KY Corrections Reform Law Could Save $42 Million Annually


A bill hailed as a bi-partisan effort to control the soaring costs of Kentucky's corrections system while providing better treatment options for drug offenders was signed yesterday by Gov. Steve Beshear, says the Louisville Courier-Journal. “It enables the state to continue to be tough on crime, but enables us to be smart about it,” Beshear said. Experts predict the law will save about $42 million a year, about half of which will be reinvested in treatment programs and probation and parole efforts.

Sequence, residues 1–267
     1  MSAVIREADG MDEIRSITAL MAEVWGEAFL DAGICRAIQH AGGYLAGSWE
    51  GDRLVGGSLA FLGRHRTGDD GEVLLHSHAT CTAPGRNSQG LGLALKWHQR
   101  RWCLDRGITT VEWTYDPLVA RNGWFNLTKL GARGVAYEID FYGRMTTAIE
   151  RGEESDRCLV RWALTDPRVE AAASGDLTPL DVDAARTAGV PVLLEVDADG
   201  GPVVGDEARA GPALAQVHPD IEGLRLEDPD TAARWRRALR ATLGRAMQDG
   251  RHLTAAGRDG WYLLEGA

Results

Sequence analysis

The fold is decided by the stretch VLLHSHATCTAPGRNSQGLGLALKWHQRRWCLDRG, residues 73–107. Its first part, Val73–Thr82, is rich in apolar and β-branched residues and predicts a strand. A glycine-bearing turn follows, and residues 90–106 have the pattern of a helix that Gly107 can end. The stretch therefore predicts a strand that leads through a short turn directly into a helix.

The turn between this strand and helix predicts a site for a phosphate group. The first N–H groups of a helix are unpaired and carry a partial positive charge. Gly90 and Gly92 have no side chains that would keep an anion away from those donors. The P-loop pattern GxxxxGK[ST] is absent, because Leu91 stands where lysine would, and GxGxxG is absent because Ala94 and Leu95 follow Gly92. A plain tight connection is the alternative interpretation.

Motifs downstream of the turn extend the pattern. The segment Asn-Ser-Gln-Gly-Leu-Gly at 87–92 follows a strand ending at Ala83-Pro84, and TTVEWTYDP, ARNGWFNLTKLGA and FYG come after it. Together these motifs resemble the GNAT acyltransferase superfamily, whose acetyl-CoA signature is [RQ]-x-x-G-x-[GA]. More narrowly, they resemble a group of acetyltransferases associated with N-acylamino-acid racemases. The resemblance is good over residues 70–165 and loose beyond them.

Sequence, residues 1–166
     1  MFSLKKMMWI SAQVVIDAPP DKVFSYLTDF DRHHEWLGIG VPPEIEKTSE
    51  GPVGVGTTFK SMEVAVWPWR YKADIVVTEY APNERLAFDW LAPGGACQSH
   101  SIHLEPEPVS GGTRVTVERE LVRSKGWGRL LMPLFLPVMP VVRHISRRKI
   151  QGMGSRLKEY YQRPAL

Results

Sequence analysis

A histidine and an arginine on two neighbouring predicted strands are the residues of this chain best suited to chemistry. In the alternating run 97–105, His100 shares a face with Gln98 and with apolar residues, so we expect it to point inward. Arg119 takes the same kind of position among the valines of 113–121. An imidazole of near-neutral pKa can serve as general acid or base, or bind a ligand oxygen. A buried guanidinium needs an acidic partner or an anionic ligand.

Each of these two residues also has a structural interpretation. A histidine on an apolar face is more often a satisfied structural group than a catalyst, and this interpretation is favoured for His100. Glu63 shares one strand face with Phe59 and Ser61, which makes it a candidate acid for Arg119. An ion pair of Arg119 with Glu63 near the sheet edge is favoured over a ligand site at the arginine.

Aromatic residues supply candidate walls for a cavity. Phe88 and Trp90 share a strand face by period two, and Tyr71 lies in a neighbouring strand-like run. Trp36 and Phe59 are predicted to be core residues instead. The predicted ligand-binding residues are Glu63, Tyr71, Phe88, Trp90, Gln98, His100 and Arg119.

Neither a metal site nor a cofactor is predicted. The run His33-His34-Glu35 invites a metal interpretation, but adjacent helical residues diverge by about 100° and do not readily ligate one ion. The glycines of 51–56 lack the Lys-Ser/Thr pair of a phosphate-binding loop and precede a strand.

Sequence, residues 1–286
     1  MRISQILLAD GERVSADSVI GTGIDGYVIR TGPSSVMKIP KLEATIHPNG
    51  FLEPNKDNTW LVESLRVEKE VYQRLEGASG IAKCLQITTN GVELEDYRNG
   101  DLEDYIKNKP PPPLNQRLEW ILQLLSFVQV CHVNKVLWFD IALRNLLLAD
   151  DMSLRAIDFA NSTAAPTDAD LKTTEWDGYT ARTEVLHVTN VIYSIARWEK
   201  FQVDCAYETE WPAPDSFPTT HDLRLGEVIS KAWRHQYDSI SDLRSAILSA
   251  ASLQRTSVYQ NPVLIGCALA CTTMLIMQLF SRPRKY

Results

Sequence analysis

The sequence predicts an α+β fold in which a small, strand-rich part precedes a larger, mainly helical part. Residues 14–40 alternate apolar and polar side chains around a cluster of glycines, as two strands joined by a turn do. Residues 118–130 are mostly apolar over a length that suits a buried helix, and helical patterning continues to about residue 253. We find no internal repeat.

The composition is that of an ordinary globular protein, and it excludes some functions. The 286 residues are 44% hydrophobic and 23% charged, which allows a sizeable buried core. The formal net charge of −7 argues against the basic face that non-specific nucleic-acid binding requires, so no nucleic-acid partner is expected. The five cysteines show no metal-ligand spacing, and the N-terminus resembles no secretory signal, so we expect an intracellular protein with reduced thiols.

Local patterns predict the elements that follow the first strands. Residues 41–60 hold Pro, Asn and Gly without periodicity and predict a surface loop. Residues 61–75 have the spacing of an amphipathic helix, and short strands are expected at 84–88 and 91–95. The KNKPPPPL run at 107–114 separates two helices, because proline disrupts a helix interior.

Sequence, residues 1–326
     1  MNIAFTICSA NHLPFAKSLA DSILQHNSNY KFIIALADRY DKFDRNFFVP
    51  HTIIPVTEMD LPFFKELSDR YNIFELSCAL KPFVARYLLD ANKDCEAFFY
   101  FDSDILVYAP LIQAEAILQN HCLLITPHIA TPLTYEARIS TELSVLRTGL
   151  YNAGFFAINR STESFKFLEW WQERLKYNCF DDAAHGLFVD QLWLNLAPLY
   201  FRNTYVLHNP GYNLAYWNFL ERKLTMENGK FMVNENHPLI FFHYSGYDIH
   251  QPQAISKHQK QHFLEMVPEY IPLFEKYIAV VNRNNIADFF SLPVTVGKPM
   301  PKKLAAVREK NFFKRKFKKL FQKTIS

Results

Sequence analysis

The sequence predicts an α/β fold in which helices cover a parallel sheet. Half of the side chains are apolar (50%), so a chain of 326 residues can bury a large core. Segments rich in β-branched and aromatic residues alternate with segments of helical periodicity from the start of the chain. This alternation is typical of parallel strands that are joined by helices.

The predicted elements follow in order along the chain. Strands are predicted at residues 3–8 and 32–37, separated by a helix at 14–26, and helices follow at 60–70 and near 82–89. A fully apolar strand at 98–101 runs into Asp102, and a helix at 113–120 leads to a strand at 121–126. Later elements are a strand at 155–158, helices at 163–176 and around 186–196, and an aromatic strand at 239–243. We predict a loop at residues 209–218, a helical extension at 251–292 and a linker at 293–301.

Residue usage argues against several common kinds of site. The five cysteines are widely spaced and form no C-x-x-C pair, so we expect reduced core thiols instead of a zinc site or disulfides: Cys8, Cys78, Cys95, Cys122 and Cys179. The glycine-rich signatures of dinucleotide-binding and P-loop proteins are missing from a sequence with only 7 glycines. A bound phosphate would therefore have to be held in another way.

The final product was the result of months of work by a seven-member task force representing the judicial, executive and legislative branche. The work was supported with an estimated $800,000 by the Pew Center on the States and $200,000 from the state budget. Kentucky houses about 20,500 prisoners at a cost of $440 million. In 2008, the Pew Center reported that Kentucky had the nation's fastest growing prison population, though it has declined slightly in recent years. The law aims to steer low-level, non-violent offenders out of prisons by using programs that offer community supervision and more drug and alcohol treatment.

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